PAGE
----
A Human Document: A Novel, Volume 3

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Chapman and Hall, ld., 1892
 

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Page 11 - ... different level in human life to which the two works pierce. The one reaches to the poetry of life ; the other only presumes it, or at best points to it from a distance. But the vision of George Eliot goes straight to it, and encounters it face to face. She has seen and has felt like Sophocles, that ' Full many things are wonderful, but none More fearful and more wonderful than man...
Page 302 - Consecration" which Irma could never have written : "Were my power as a writer equal to my love as a woman, that life should live in these pages, as it lived and breathed once in our now lonely bodies. I would make it live — all of it ; I would keep back nothing ; for perfect love casts out shame. But if anyone should think that I ought to blush for what I have written, I should be proud if, in witness of my love for you, every page of it were as crimson as a rose."14 So ends A Human Documenl.
Page 303 - Were my power as a writer equal to my love as a woman, that life should live in these pages, as it lived and breathed once in our now lonely bodies. I would make it live — all of it ; I would keep back nothing ; for perfect love casts out shame. But if anyone should think that I ought to blush for what I have written, I should be proud if, in witness of my love for you, every page of it were as crimson as a rose."14 So ends A Human Documenl. We must admit that the book has many literary and artistic...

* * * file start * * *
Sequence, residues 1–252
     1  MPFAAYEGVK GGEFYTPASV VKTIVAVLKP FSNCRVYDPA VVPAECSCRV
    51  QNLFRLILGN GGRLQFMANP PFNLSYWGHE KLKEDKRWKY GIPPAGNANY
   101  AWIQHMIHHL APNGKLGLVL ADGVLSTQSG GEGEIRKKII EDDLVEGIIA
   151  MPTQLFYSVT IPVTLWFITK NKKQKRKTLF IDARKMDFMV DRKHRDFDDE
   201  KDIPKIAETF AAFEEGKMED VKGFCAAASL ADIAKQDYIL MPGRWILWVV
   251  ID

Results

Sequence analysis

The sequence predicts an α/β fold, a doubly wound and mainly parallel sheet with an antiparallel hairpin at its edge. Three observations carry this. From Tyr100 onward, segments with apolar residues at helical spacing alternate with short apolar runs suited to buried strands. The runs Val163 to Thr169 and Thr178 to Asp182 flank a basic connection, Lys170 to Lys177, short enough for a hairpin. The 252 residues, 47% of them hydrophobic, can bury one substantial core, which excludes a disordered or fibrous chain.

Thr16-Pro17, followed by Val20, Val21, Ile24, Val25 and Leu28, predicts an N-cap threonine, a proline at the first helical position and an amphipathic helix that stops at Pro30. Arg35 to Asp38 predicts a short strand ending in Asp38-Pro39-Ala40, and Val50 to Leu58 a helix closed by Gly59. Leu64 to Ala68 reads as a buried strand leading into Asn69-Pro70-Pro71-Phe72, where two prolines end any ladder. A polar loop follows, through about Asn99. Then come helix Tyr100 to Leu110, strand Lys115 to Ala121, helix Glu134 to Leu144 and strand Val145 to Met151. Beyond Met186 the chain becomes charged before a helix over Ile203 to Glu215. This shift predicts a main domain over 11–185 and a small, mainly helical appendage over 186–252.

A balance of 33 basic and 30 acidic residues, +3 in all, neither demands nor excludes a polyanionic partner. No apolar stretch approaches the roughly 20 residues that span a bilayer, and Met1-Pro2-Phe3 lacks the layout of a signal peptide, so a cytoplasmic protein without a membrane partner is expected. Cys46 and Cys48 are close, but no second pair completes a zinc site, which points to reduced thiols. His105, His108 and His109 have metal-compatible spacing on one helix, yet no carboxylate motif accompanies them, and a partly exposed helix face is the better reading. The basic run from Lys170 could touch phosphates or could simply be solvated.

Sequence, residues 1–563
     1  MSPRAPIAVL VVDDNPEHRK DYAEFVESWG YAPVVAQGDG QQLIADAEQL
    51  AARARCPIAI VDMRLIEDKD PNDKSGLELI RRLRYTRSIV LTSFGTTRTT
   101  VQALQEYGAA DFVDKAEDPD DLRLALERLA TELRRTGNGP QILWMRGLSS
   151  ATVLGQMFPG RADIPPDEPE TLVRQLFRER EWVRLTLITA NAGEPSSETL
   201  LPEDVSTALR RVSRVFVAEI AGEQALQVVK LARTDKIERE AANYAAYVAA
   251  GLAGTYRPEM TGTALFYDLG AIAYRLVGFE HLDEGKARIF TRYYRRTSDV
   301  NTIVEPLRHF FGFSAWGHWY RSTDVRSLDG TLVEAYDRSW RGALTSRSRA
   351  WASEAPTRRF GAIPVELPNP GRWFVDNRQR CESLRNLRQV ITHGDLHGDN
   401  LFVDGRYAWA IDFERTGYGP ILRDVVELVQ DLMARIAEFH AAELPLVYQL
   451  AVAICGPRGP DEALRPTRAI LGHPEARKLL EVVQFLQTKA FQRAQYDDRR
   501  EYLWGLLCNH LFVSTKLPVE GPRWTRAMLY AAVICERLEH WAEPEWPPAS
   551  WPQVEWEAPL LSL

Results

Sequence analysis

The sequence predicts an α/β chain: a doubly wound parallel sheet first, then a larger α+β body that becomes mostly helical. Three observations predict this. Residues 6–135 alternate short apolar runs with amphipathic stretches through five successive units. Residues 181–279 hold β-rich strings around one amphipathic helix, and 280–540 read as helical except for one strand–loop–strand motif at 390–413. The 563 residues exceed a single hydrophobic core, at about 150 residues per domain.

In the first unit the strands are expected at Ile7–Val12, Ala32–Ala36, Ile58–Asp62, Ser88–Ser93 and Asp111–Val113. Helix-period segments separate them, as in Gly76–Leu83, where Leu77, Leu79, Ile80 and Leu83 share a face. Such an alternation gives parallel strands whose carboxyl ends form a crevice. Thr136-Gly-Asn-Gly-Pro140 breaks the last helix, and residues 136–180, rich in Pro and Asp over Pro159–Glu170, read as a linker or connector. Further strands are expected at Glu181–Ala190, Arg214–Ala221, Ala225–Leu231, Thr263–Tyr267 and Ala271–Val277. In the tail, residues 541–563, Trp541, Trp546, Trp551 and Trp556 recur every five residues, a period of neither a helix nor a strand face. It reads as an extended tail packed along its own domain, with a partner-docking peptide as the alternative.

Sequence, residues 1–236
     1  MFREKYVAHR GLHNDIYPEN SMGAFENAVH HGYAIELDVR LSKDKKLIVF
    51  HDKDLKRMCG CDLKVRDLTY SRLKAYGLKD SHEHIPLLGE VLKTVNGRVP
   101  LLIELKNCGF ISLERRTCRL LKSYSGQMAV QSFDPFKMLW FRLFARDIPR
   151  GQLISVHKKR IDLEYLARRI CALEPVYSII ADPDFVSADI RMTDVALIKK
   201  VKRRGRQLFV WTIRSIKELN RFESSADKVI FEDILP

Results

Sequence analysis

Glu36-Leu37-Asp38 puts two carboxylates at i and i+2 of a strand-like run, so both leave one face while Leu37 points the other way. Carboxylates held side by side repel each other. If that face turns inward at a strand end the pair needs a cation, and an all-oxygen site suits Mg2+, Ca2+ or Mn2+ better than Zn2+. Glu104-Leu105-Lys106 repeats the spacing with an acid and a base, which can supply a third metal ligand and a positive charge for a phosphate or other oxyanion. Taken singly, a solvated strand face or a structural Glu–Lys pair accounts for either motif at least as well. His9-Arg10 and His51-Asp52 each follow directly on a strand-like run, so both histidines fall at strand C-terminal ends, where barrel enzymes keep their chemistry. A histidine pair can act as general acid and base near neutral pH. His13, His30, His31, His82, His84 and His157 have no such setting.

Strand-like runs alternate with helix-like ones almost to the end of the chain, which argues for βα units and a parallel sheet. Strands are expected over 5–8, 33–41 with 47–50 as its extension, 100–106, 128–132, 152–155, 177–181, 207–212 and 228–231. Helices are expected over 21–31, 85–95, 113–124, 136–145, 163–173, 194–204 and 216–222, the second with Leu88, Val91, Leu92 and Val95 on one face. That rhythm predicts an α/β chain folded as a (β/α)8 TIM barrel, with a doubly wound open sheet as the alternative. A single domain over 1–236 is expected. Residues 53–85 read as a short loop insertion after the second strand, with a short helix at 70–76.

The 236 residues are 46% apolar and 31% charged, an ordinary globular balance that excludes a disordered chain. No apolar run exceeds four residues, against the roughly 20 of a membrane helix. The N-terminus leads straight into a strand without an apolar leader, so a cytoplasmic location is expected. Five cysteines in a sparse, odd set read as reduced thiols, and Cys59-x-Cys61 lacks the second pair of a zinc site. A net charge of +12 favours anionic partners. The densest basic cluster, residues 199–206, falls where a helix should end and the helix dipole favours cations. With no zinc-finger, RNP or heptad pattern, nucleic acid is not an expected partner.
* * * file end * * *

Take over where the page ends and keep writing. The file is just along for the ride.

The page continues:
Page 292 - It is never safe to say of a man before his death that he was happy ; in certain cases it is safe to say so after it. A year later it might have safely been said of Grenville, who even now, though he did not know it, carried the seeds of death in him.

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